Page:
Keppeki Danshi! Aoyama-kun – 05
This week’s episode of Keppeki Danshi! Aoyama-kun doesn’t quite return to the stratospheric heights of the last, but it’s still very solid. And this series continues to display the little extra touches that lift it above the level of standard-issue anime comedies.
The focus this week is Tsukamoto-kun – the glasses boy who’s legendary for his butt keepie-uppie. He’s actually a starter too (at left back) but his main role is basically to be the morale officer – he keeps the team loose (with the help of his fellow stooges). But when the next prelim finds Fujimi up against a school whose captain went to the same middle school as Tsukamoto, things take rather an ugly turn.
While the main focus here is on Tsukamoto’s bullying trauma (at said captain’s hands) and the way his teammates stick with him, the more interesting subtext is on Aoyama-kun himself. Namely, that by playing his football at such a no-name school he’s risking his own future – a loss to a scrub preliminary opponent could mean the end of his hopes for a call-up to the national U-17s. Youth sports really is that cutthroat and Aoyama really is taking a big chance here, but a big part of his character seems to be that despite his disorder, he’s extremely thoughtful towards others. And not only that, he longs to be part of a social group (his MMORPG avatar shows that). His team is more important to him than his individual goals. This is all suggested more subtly than you might expect.
The kicker (pun intended) for this ep was having Tsukamoto’s seiyuu, Sakaguchi Daisuke (excellent as usual) do a solo version of the ED – including imitating his castmates’ sections. Next week it looks like we’re going to meet yet another of the mystery lurkers from the OP/ED – this fellow, who packs a drawing pen and another very familiar voice…
Koi to Uso – 05
Koi to Uso continues to be one of the more vexing series of the year. It’s a mess of trope and cliches (and not the good ones, either) and those eyes… I feel as if they’re sucking me into a vast sea of eternal darkness. Way more distracting now than the giraffe necks in Ballroom e Youkoso.
Still, there’s something about this show that keeps me coming back. The premise continues to intrigue me, even as we learn more about it. Nisaka is a really interesting addition, with his arch personality and rather shocking bluntness. I also quite like the contrast between Yukari and Ririna, who seem transparent as glass, and Nisaka and Takasaki, each of whom seems to be living a lie. Even if the government aspect weren’t involved, I’d be curious to see how these weird tangle was going to resolve itself.
It seems as if the rubber is finally about to hit the road in terms of that premise – we may be about to see how the government love gestapo behaves when their subjects aren’t playing nice. I loved the way Yuusuke confronted Ririna flat-out about the potential problems her meddling could cause for Yukari – this is all a child’s game to here, but the sense is that in reality it’s anything but.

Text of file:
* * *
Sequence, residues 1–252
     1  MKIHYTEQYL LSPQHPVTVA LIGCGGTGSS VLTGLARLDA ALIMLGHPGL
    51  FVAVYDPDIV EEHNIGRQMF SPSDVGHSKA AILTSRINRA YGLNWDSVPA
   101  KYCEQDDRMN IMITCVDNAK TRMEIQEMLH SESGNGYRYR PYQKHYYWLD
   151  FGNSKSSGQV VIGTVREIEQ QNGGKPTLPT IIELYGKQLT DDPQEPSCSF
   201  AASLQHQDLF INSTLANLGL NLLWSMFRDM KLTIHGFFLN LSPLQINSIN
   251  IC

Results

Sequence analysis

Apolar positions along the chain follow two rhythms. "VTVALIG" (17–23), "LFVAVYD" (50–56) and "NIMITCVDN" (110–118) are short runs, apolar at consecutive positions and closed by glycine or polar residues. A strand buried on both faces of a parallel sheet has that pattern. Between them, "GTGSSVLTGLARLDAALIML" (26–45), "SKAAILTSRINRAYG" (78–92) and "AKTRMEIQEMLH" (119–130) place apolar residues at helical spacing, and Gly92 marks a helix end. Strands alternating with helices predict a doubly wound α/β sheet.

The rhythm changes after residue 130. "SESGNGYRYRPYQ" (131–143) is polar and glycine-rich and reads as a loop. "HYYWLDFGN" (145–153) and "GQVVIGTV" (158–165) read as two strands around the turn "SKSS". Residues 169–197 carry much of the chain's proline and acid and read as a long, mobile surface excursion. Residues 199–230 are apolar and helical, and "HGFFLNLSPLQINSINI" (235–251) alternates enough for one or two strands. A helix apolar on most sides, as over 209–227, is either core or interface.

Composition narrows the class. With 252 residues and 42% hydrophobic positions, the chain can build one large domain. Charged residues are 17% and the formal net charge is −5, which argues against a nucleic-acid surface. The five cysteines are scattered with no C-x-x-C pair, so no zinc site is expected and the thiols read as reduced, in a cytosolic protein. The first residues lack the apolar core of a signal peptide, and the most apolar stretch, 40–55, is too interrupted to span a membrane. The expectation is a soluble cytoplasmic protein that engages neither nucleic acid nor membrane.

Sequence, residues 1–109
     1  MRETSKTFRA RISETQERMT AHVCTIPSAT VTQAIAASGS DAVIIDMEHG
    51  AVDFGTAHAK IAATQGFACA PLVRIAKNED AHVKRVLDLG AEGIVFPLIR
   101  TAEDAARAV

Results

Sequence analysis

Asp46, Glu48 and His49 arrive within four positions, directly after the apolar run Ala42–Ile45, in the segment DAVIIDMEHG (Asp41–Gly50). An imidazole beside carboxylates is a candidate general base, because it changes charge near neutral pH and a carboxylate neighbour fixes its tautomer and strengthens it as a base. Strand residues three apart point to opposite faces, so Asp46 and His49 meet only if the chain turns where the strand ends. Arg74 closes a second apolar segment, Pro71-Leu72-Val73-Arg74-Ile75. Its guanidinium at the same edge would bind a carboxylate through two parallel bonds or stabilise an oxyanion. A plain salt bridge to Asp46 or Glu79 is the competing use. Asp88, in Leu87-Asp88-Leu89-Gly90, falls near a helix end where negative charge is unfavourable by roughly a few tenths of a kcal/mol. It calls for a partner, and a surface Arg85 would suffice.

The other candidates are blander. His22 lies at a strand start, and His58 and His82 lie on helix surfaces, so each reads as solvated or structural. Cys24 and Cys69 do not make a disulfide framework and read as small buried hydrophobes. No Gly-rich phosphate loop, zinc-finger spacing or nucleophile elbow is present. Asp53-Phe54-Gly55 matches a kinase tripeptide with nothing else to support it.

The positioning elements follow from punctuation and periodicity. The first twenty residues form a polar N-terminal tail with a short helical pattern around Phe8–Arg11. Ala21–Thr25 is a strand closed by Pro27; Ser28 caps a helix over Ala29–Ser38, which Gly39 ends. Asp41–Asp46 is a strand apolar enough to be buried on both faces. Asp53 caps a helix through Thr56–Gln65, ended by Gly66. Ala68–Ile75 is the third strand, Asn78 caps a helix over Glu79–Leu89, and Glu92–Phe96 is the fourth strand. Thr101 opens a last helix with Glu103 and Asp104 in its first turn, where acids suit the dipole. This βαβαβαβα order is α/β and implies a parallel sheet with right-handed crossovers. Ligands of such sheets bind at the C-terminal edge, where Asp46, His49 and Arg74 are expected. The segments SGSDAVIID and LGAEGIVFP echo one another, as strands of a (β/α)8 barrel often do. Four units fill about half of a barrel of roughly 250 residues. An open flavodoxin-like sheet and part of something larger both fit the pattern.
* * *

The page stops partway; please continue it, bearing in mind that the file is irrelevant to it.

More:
Youkai Apartment no Yuuga na Nichijou – 05
This is a much more approachable and easy to enjoy show than Koi to Uso, obviously. But there’s a lot going on beneath the surface here, too – there’s a veneer of gentle bonhomie that’s overlying something quite melancholy, I think.
This theme of the lost boy is a very common one in youkai-themed manga and anime – we see it in Natsume Yuujinchou most famously, but also in Gingitsune and this series, among others. Each of these series portrays the dynamic between the boy and the foster family (or families) quite differently, but I think in each case it’s clear that the world of the youkai helps to fill the gap in the character’s life that his absent family left behind.
Yuushi-kun certainly felt lost at his uncle’s house, but he feels arguably even more lost in the dorms – where the cold distance between people (or outright hostility, like from his roommate Kaga) is like a punch in the face. The scenes leading up to Yuushi’s meeting with the human-like youkai Satou-san are some of the saddest I’ve seen in anime for a long while – a kind of quiet existential despair hangs over them. Sato’s choice to live as a human – because he loves the explosive way humans cram as much life as they can into their lightning flash of time – seems inexplicable to Yuushi as he is now. But because he was fortunate to have those six months at the Kotobuki-so, he knows where he has to go to find himself.
The feeling I get is that the Kotobuki-so was always going to be there for Yuushi whenever he was in the right frame of mind to be there. It’s nice to see him return home (the Kotobuki-so is certainly more interesting as a setting than the dorms), but the standout scene here is not that, or the reunion with his best friend Hase-kun. It’s the reconciliation between he and Eri, his cousin. The pain each of them caused each other without really meaning to is like a raw, exposed nerve ending -and neither of them has ever been able to express it until now. Yuushi (understandably) shut this family out, and continues to – and Eri now realizes what her attitude said to the lost child who showed up at her house. It’s a sad and lovely scene, not the first this series has delivered up and I suspect not the last.